The Importance of Public Worship

Working through John Owen’s Thinking Spiritually in a men’s study, I was encouraged by a few thoughts.  I hope you find them helpful as well. 

 “I have never known a believer to prosper spiritually who neglected public worship.”

-  John Owen, Thinking Spiritually

Why and how does a believer in Jesus Christ prosper spiritually because of participation in public worship? 

1.   Public worship consists of all of the means of God’s grace.  Throughout the week the Christian should experience droplets of grace through the given various means. Bible reading, prayer, listening and singing hymns, and spiritual conversations with others should be scattered Monday through Saturday.  But public worship on Sunday provides a waterfall of His grace.  Not only does the believer participate in the grace smattered here and there, but a great deluge should flood the heart during worship. 

In addition to private Bible reading and prayer, the attendee receives teaching and preaching which both declares the truth of the Bible and applies that same truth in a corporate setting where all hear and are called to respond together.  Prayers are prayed for the whole gathering.  Gifts are extended to benefit the whole through corporate singing, instrumentation, giving, and service to one another.  The grace of fellowship is magnified in corporate worship as fellow brothers and sisters in Christ visit with one another.  The opportunity is there for deep conversation and to be challenged toward hospitality one to another.  The sacraments of the Lord’s Supper and baptism are only present (or should be only present) during corporate worship.  Together we witness the remembrance of Christ’s life, death, burial, and resurrection and share in the cup and broken bread together in union with Christ and in unity with each other.  As a person is baptized (whether adult or child) we are encouraged to reflect on our own baptism . . . how we have been washed clean and renewed by the Spirit on the initiation and power of Christ alone.  Rather than singing alone, we lift our voices together with others harmonizing in joyful noise.  We are singing God’s truth to one another, for one another, and to be heard by one another and to hear God speak. 

And they devoted themselves to the apostles' teaching and the fellowship, to the breaking of bread and the prayers. And awe came upon every soul, and many wonders and signs were being done through the apostles. And all who believed were together and had all things in common. And they were selling their possessions and belongings and distributing the proceeds to all, as any had need. And day by day, attending the temple together and breaking bread in their homes, they received their food with glad and generous hearts, praising God and having favor with all the people. And the Lord added to their number day by day those who were being saved” (Acts 2:42-47).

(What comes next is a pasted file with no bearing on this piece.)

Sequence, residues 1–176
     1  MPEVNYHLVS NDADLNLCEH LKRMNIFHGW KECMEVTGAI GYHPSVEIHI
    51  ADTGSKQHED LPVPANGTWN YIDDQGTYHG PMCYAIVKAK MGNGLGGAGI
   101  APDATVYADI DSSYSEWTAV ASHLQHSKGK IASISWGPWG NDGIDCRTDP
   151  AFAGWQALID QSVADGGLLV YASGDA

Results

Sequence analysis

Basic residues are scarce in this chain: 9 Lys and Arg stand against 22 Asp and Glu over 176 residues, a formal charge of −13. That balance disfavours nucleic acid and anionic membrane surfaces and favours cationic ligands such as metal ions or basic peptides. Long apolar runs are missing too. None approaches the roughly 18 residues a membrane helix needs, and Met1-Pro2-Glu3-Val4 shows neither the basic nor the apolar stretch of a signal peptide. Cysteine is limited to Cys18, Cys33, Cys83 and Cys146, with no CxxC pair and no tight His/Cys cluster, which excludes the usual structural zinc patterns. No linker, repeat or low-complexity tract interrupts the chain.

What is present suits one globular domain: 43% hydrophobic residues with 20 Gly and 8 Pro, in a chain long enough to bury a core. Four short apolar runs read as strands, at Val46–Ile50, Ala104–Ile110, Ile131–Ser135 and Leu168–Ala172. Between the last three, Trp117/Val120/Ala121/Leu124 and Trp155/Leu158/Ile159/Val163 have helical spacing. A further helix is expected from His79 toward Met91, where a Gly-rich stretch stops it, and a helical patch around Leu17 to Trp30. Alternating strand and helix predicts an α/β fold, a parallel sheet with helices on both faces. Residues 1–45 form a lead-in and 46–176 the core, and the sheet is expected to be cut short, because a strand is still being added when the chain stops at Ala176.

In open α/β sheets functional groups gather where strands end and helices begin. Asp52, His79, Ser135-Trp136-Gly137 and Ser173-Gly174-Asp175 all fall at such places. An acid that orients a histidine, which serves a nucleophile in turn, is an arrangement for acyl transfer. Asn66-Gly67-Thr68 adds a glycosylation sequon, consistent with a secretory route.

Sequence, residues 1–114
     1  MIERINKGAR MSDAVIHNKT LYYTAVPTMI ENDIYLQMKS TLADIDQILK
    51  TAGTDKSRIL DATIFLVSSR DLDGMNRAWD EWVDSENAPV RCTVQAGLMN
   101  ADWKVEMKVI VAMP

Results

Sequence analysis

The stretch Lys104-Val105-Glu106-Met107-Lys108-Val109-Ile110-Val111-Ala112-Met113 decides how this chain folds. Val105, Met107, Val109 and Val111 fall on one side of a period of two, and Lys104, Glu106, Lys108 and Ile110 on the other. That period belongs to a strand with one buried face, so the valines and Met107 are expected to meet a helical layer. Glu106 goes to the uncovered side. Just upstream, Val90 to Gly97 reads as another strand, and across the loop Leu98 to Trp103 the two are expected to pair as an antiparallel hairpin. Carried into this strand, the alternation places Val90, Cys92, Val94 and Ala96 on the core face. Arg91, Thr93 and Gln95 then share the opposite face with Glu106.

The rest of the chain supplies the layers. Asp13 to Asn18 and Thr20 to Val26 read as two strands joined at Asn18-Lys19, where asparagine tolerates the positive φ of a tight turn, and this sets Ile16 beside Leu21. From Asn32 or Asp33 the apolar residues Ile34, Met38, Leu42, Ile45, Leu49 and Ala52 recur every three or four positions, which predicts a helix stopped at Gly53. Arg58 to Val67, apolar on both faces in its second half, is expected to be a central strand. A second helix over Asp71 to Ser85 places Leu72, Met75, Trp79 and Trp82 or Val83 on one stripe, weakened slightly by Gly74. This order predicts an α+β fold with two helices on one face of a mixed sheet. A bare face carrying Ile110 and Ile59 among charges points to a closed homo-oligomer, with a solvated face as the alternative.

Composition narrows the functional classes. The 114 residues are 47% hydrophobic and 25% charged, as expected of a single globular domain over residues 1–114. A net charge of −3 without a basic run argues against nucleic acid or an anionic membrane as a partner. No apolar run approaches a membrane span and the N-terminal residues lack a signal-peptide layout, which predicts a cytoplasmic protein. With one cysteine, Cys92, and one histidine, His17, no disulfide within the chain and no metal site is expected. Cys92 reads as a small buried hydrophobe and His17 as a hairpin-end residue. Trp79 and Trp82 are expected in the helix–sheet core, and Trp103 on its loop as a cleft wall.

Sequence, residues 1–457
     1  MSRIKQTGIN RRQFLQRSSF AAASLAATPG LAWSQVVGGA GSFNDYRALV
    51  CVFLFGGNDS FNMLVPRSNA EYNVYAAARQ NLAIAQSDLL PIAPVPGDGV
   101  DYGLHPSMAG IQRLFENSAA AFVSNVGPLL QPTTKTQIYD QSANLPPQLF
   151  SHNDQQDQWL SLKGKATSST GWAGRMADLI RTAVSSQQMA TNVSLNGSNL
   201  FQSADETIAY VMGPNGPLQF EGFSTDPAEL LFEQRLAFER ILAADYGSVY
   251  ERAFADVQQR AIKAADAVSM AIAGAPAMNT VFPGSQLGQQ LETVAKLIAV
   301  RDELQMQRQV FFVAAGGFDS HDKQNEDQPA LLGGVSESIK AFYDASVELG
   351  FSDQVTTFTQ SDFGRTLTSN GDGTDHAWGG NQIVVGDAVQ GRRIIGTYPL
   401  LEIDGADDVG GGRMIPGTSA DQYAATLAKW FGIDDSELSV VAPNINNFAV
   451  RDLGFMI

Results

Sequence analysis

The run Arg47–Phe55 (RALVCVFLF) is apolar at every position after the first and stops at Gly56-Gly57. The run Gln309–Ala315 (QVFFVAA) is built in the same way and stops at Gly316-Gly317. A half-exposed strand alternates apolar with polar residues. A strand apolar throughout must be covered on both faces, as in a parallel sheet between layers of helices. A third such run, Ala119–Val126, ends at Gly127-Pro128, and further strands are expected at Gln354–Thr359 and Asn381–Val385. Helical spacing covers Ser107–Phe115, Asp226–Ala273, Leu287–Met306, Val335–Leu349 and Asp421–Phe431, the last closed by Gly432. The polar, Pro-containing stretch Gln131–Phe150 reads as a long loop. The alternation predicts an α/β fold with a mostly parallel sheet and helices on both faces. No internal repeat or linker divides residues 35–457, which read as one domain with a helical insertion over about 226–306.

2.    A person just going through the motions of worship having no desire for a growing faith, or a stirred love, or new found joy will not be encouraged by worship.  It will be dull no matter how well delivered.  On the other hand, a person expecting to be encouraged will be so no matter how poorly presented if the gospel is present.  Because the believer finds their faith, love, and joy in God, worship encourages them.  It is a new and regained strength for them.  They desire to go into the house of the Lord because they know good things reside there.  They seek out the pearl of great price and find it even in the darkest waters and deepest muck. 

I was glad when they said to me, "Let us go to the house of the LORD!" (Ps. 122:1).

3.  There is increased delight when a believer enters worship and receives the means of God’s grace expectantly.  God’s Word does not go out to return void.  It hits its mark on the believer’s heart and produces new graces.  Sins are exposed, grace poured in, and the believer sees Christ’s righteousness on their behalf again and again to restore them in their greatest joy.

“God's love has been poured into our hearts through the Holy Spirit who has been given to us” (Romans 5:5).

4.  Believers can also delight in worship because they know that it glorifies God.  The Christian’s highest end is to make more of God than anything else in the universe.  Christians are to have no other god before the one true God.  He is their life-breath and their sustenance and they acknowledge such through worship.  Worship that goes through the motions but has no heart engagement is detestable.  It’s feigned worship.  It’s a lie.  It says, “Look at me,” rather than looking to Christ. 

“I will give them a heart to know that I am the LORD, and they shall be my people and I will be their God, for they shall return to me with their whole heart” (Jer. 24:7).

5.  Corporate worship can turn a cold heart warm.  The obedience of attending corporate worship (though the heart may be stale and a mere going through the motions) can find that Christ meets them there and changes their entire disposition.  How many times have we entered worship unfit in heart and mind and found ourselves fitted with grace that comes from the truth of Christ for us? 

“Do not hide your face from me in the day of my distress! Incline your ear to me; answer me speedily in the day when I call” (Ps. 102:2)!